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Alloy S Ihuah PhD

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KWASE TIV AND THE POLITICS OF GENDER IN NIGERIA: LIBERATION AND EMPOWERNENT
By Alloy S Ihuah PhD   
Rated "G" by the Author.
Last edited: Thursday, March 11, 2010
Posted: Wednesday, February 17, 2010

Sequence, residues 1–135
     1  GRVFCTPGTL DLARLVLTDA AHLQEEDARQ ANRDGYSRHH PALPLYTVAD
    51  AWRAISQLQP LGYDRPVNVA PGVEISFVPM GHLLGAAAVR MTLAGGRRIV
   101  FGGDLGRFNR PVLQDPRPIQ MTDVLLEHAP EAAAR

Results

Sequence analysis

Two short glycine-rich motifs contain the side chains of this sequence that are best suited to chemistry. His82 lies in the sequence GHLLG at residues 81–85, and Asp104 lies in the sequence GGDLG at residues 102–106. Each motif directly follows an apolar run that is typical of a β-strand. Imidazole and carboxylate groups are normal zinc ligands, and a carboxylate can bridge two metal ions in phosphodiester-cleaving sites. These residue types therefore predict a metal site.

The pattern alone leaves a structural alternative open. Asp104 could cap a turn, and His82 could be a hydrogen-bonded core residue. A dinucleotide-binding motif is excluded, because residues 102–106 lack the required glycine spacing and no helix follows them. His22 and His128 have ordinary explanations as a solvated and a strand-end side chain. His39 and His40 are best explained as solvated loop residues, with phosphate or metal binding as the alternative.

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This work argues that, among the Tiv of central Nigeria, the woman (as wife) is the heart-beat of the house holder, the measure of all things for the husband and the epicenter of the community. Contrary to the conclusion of the African Neo-cultural positivists, the roles Tiv traditional social system assigns to kwase Tiv (Tiv Woman) do not demean her and makes her inferior. She is neither marginalized nor oppressed and exploited in social, political, economic and religious spheres. Gender discrimination is sine qua non in traditional society though, it is benevolent. The paper argues further that, redemption” from discrimination for the kwase Tiv is neither found in liberating her, for she is not enslaved, nor in centering her, she is the epicenter of the house holder. Kwase Tiv in her feminine roles supplements and compliments the man (her husband) for universal beneficence; the common good of tar-Tiv (Tiv society). She has womb, kitchen and cradle, but in further empowerment of her female power. We conclude that the roles tradition assigns to women are meant to advance the anatomy of their female power to receive life’s impulses to husband its stability and persistence of Tiv society. Woman is a female, and man is a male, different as biological facts though, they both seek in each, the other and the being of their beings.